The Double Helix: A Personal Account of the Discovery of the Structure of DNA
The classic personal account of Watson and Crick’s groundbreaking discovery of the structure of DNA, now with an introduction by Sylvia Nasar, author of A Beautiful Mind.
By identifying the structure of DNA, the molecule of life, Francis Crick and James Watson revolutionized biochemistry and won themselves a Nobel Prize. At the time, Watson was only twenty-four, a young scientist hungry to make his mark. His uncompromisingly honest account of the heady days of their thrilling sprint against other world-class researchers to solve one of science’s greatest mysteries gives a dazzlingly clear picture of a world of brilliant scientists with great gifts, very human ambitions, and bitter rivalries.
With humility unspoiled by false modesty, Watson relates his and Crick’s desperate efforts to beat Linus Pauling to the Holy Grail of life sciences, the identification of the basic building block of life. Never has a scientist been so truthful in capturing in words the flavor of his work.
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A Personal Account of the Discovery of the Structure of DNA James D. Watson.
within earshot that we ... That structure, they reported in a short article in Nature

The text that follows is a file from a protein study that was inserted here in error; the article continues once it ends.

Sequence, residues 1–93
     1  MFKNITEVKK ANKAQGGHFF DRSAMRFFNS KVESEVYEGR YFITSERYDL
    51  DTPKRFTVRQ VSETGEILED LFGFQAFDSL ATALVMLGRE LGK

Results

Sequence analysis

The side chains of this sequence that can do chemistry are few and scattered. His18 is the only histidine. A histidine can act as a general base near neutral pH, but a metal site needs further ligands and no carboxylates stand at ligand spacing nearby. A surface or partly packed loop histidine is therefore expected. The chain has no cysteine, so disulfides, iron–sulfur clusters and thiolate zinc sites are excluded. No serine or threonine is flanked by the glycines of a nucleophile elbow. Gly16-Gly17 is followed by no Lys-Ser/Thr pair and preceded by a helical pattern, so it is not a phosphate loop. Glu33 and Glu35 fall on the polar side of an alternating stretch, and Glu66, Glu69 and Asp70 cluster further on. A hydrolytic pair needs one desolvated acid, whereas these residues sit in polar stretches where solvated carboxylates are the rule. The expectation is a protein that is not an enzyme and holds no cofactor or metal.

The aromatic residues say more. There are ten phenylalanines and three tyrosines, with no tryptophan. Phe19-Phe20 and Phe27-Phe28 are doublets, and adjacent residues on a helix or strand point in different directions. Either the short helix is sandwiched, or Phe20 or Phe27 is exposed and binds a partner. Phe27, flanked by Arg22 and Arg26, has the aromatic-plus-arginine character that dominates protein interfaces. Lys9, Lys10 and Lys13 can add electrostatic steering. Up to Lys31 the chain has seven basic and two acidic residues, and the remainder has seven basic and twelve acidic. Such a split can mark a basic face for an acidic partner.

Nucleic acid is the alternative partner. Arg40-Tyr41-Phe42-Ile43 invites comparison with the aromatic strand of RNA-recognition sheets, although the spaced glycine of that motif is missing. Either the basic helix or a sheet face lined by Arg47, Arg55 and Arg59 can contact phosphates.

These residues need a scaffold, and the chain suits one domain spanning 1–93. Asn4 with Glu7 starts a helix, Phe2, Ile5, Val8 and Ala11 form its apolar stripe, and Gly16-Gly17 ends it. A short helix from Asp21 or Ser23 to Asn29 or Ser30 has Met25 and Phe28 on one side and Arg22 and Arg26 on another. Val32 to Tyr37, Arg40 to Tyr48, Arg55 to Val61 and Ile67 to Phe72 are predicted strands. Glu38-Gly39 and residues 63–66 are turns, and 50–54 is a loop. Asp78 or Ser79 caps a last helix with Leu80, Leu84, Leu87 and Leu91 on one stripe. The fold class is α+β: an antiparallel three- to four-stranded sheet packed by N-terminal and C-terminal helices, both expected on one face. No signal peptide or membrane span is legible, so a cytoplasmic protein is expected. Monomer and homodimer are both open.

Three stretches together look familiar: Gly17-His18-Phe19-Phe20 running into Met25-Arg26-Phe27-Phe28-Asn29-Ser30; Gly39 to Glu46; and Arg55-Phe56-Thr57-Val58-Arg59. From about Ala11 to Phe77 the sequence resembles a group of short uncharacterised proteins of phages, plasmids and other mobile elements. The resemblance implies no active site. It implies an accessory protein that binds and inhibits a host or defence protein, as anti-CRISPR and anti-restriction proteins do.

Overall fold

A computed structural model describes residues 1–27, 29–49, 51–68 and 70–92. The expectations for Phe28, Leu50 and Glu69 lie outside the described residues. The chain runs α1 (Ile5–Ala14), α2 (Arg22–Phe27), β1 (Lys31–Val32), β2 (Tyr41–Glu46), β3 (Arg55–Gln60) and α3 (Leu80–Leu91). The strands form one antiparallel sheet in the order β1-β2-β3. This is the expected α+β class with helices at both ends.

just weeks later, was the beguilingly beautiful “double helix.” Noting that the helix
A Personal Account of the Discovery of the Structure of DNA James D. Watson. of
science best-sellers. Its enduring freshness owes ... Yes, the theme of The
Double Helix is the unbridled lust for fame. (“It was certainly better to imagine
A Personal Account of the Discovery of the Structure of DNA James D. Watson ...
191 Base pairs for the double helix 195 Schematic illustration of the double helix
2O2 DNA replication 2 i i THE DOUBLE HELIX IN T H E summer of 1955, 3.W.
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THE DOUBLE HELIX: A Personal Account Of The Discovery Of The Structure Of DnaUser Review - Kirkus
Even without understanding any of the scientific data processed here, the general reader will find it hard to remain immune to this account of how J.D. Watson, along with another bright, volatile ... Read full review
LibraryThing ReviewUser Review - quantum_flapdoodle - LibraryThing
James Watson's love letter to himself, as he explains to us exactly how he single-handedly solved the structure of DNA, with the insignificant help of a cast of baboons, clowns, and women. Watson's ... Read full review